Year/Century: 19th century
Binding: Fine Binding
Description: Medicis Edition Alexandre Dumas's book CELEBRATED CRIMESTwo (of 3) volumes Dana Estes & Company, Boston; no date (c. 1900) numbered version. Edition limited to one thousand pieces. Number of copy 197 291 and 287 pages in a fine autographed binder published by Stikeman & Co., N.Y. Detailed gilded binder with uncut outer borders and a gilded top edge. Endpapers made of cloth. Dimensions: 6 by 9". Excellent inside condition, slight binding wear, dry spines with few leather chips. Written in English Origin: Albert Henry Wiggin (1868–1951)'s ex-libris for each volume has the family crest and motto "Suae Fidei Semper Fidelis." He was a prominent figure on Wall Street, mostly serving as Chase National Bank's chairman and president.
A set of bookplates indicates that Lynde Selden, Mr. Wiggin's son-in-law, received this book from him. These plates demonstrate the owner's time spent learning about his ancestry. One of the phrases on the combined family crest is "Liberty above all things." This brings to mind the 8,000 volumes that English scholar and legal historian John Seldon (1584–1654) donated to the Bodleian Library (Oxford) in the sixteenth century. Overlaying the more conventional bookplate is a circular Ex Libris that has his complete name and what appears to be a Danish phrase, "Ik Mak Sikker." It would be easy to interpret this as a nod to the old Selden maxim "To suffer is best" (Optimum pati). Similar to his father-in-law, Lynde Selden (1892–1972) was a financier who held directorships in multiple other businesses in addition to serving as vice chairman of the American Express Company. Maybe this book was then given to Lynde's son, who was given the name Albert Wiggin Selden (1922–1987), the original recipient. This Yale alumnus made substantial contributions as an American theatrical producer and composer, although not working in finance.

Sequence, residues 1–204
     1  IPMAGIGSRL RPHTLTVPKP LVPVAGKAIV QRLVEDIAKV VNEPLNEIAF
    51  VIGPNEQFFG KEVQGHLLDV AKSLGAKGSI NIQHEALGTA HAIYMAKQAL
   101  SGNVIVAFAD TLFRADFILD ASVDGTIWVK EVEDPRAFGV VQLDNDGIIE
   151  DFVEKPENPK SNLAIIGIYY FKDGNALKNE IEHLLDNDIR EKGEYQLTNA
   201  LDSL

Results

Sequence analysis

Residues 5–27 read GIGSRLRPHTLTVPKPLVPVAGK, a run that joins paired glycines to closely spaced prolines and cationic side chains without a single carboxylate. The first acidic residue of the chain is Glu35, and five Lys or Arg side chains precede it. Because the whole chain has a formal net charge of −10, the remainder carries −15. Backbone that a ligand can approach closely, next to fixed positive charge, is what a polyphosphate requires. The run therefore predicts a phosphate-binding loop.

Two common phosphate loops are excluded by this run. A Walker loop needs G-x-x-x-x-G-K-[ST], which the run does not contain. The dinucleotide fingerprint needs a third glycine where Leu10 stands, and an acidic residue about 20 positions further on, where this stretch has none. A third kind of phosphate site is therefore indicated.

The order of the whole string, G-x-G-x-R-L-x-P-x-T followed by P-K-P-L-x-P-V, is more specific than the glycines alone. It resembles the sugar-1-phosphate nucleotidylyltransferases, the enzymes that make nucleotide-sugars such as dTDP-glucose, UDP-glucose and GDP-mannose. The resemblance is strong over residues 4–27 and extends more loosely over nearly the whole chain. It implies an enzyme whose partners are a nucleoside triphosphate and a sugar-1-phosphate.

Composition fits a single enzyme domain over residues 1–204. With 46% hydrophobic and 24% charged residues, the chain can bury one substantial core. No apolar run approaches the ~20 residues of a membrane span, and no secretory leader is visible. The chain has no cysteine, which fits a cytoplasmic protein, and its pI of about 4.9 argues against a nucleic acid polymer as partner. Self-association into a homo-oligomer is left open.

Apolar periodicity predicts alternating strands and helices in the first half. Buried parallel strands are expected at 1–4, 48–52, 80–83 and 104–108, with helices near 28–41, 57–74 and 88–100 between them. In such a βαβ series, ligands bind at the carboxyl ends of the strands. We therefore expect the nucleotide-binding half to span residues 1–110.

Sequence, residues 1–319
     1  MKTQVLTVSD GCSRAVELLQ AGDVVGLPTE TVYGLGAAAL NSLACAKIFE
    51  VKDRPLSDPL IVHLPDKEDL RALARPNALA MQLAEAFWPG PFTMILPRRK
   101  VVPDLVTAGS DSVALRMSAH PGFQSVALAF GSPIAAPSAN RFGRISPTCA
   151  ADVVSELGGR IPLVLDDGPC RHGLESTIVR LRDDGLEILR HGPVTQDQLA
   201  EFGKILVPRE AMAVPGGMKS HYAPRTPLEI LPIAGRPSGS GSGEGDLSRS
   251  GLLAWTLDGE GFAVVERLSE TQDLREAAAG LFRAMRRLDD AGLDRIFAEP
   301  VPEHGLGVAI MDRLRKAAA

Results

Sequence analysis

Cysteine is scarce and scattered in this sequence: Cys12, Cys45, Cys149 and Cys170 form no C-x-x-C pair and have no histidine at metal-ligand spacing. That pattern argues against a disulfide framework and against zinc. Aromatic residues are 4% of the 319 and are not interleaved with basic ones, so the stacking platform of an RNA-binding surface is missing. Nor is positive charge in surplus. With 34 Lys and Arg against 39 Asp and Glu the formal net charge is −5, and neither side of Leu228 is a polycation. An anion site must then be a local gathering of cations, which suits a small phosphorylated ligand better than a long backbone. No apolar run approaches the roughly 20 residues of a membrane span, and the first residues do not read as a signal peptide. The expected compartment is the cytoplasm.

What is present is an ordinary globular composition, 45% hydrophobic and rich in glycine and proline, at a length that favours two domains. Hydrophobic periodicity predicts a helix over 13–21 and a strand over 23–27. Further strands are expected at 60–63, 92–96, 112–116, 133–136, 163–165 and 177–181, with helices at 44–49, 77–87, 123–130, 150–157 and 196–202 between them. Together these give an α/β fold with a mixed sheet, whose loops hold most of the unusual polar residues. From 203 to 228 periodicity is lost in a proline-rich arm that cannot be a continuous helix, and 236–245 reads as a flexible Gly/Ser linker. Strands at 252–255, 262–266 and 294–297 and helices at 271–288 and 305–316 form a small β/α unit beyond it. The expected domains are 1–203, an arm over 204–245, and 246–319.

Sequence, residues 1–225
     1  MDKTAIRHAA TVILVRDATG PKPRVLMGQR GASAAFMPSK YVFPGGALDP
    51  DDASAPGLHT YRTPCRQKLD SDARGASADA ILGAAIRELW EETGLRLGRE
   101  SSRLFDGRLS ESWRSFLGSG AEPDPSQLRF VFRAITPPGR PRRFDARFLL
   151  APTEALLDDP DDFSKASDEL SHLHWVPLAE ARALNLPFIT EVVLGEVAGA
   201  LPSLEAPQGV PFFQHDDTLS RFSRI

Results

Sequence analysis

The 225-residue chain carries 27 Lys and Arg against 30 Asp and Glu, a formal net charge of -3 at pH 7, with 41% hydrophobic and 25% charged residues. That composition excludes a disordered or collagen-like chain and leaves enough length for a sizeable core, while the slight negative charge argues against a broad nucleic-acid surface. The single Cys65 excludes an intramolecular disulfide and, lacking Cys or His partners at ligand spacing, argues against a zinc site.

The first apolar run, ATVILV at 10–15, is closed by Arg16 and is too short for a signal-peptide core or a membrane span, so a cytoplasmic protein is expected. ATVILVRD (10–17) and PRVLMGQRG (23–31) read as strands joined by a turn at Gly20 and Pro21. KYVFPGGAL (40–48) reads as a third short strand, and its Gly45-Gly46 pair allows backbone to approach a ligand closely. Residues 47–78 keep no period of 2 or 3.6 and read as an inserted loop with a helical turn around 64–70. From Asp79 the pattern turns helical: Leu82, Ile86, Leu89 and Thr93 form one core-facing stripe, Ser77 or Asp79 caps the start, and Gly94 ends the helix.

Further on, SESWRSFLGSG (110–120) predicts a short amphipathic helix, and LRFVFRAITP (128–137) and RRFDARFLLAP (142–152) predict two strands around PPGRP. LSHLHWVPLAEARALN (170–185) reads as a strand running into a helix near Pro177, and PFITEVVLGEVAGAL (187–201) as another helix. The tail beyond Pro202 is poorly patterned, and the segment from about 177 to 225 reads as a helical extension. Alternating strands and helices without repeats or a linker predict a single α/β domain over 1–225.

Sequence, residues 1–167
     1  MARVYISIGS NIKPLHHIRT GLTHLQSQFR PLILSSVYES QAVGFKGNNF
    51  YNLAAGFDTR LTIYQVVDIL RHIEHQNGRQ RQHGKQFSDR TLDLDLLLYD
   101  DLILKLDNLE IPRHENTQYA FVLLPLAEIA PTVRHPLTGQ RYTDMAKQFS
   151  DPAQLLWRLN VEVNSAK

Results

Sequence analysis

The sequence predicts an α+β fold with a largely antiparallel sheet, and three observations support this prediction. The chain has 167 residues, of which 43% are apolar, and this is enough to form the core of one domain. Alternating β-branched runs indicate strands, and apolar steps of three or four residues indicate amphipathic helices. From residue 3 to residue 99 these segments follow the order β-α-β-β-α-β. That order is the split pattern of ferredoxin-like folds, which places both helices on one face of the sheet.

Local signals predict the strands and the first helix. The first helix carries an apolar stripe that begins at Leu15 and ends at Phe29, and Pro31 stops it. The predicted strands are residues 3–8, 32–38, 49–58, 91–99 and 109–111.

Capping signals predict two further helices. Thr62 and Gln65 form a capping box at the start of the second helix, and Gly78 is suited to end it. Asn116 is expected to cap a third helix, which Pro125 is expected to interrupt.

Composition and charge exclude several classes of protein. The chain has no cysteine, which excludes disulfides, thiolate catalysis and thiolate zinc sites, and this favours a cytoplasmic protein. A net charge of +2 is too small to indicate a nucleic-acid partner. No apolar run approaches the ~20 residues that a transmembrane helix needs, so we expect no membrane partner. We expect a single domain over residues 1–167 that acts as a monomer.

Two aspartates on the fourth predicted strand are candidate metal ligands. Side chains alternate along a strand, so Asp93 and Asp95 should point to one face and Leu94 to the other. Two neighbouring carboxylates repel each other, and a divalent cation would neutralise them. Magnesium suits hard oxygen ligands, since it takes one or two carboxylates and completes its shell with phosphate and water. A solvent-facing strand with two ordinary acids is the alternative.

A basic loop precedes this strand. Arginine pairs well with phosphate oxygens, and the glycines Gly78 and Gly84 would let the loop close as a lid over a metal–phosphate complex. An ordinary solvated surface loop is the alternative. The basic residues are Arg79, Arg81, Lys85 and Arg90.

American financier Albert Henry Wiggin lived from 1868 until 1951. He was reportedly referred to as "the most colorful and attractive figure in the commercial banking world" by Owen D. Young of General Electric. Wiggin oversaw the privately held Federal Reserve Bank of New York from 1932 until 1933. Additionally, Wiggin was the only Federal Reserve Bank member to have the "Wiggin Provision," a statute specifically designed to penalize him for his behavior, passed after Albert was forced to "resign in disgrace after it was revealed that he had been short-selling his own bank's stock."
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